Segregation and Gay Witchhunts

Billie Holiday sang at the bar. Other black musicians performed. But in 1950s Baltimore, no black customer could enter Marticks or other “white” bars.

Aaron Sopher drew this sketch of Martick around 1965. (Courtesy of Enoch Pratt Library Maryland Room)

Aaron Sopher drew this sketch of Martick around 1965. (Courtesy of Enoch Pratt Library Maryland Room)

“If you got caught serving a black person, you could lose your license, and they could get beat up. That’s how it was. Black people knew that, and didn’t come. But occasionally one would come in. I would always serve him.”

Even worse than breaking the color barrier was serving homosexual customers. “Serving homosexuals was a no-no. The police used to beat them up in public. I remember the police came here one day. They called all the customers outside and beat them with their nightsticks. And they got away with it.

“Our so-called public officials, they were as phony as shit. They gave me unofficial warnings that if I served gay people they were going to take away our license.

“They got a task force together. The head of the liquor board and the police commissioner. But the night they came there to bust the place there were no customers. What they found was my gray-haired blind mother. They took us to court. When the judge saw my mother, he dismissed the case.”

A New Generation

There was a daily rhythm to his workday. In the morning (he still diligently opened shop at 6), there were a handful of drinkers, nearly all Chinese from the surrounding blocks. At lunchtime, the artists straggled in.

By 5 p.m., reporters and editors from the Sunpapers mingled with some stockbrokers and street bums. By evening, it was a gay bar. Later at night it became a college bar. Or vice versa.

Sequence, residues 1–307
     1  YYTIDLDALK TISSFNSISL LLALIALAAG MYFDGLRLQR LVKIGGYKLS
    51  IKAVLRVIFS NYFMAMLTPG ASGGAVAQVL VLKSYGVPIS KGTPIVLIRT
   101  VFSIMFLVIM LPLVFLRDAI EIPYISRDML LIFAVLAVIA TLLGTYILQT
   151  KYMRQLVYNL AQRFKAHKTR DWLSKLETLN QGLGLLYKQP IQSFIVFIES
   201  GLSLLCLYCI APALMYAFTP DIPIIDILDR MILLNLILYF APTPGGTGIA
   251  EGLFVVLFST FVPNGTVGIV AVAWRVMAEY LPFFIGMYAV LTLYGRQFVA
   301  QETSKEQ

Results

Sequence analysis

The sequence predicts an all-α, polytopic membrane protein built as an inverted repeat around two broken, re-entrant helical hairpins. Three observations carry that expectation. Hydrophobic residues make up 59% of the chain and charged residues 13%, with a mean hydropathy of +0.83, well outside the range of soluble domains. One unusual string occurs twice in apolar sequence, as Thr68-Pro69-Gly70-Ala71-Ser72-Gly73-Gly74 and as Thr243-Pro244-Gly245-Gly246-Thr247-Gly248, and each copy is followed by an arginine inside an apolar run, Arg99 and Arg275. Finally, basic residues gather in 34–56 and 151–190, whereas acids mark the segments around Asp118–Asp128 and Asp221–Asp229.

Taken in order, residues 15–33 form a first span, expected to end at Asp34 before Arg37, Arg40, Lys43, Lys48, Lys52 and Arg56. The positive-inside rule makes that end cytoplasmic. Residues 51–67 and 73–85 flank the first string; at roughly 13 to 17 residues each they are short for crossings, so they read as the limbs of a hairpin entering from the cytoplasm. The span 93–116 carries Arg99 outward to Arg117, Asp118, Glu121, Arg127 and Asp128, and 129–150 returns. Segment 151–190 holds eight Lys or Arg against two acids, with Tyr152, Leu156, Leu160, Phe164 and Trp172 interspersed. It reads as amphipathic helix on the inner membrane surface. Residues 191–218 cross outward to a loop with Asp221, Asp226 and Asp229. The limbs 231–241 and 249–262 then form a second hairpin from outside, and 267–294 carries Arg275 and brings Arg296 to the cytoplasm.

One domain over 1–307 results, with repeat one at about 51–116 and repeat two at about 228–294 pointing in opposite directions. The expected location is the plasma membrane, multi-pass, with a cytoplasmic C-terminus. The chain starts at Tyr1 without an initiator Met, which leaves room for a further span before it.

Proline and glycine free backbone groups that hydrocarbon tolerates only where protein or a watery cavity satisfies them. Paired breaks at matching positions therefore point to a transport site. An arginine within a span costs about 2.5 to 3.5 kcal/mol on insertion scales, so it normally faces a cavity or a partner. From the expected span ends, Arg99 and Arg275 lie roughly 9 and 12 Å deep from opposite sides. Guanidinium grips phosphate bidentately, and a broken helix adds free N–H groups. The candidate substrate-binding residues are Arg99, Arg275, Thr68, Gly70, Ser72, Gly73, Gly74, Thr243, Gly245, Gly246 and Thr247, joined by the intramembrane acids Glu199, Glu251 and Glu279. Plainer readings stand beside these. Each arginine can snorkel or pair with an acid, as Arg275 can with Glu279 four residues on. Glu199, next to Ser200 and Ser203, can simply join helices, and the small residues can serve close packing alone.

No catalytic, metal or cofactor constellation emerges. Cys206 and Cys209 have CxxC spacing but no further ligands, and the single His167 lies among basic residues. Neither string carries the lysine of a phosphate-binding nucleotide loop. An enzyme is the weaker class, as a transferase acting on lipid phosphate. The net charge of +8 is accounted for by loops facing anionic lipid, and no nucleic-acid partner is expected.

“Before there was Fells Point, this was the place to come. I don’t know why, but it was.” As the popularity of his tavern grew, Martick grew despondent. “Who goes to bars? Drunks. There was a new generation coming in, and I got so tired of the insignificance of it all, and the avoidance of reality. I became emotionally crippled. I physically was unable to work anymore. I maybe had a breakdown.”

He decided to close the bar. He set his cash register to “NO SALE 00.00” and kicked out the regulars. He vowed to give up drinking and smoking.

He quipped to the Evening Sun’s Carl Schoettler, “My closing [has] had an effect on some of my customers. About six of the guys shaved and got jobs.”

Schoettler detected remorse under his bravado, which Martick said he was trying his best to hide. “I really felt inferior. A lot of people have that problem. I felt like I was a clod.”

With a vague idea about studying Parisian cooking, he booked a one-way passage on a steamship to France. It was 1967. When he returned to Baltimore, he told friends – and if he returned to Baltimore, he told himself – he planned to open an authentic French restaurant at the family rowhouse.

“I had no idea what I was doing. And I still have no idea, boss,” he said, as the fat lady on the mantle laughed hysterically.
PART II: What was the best dish at his restaurant? “Confusion” (12/26/11)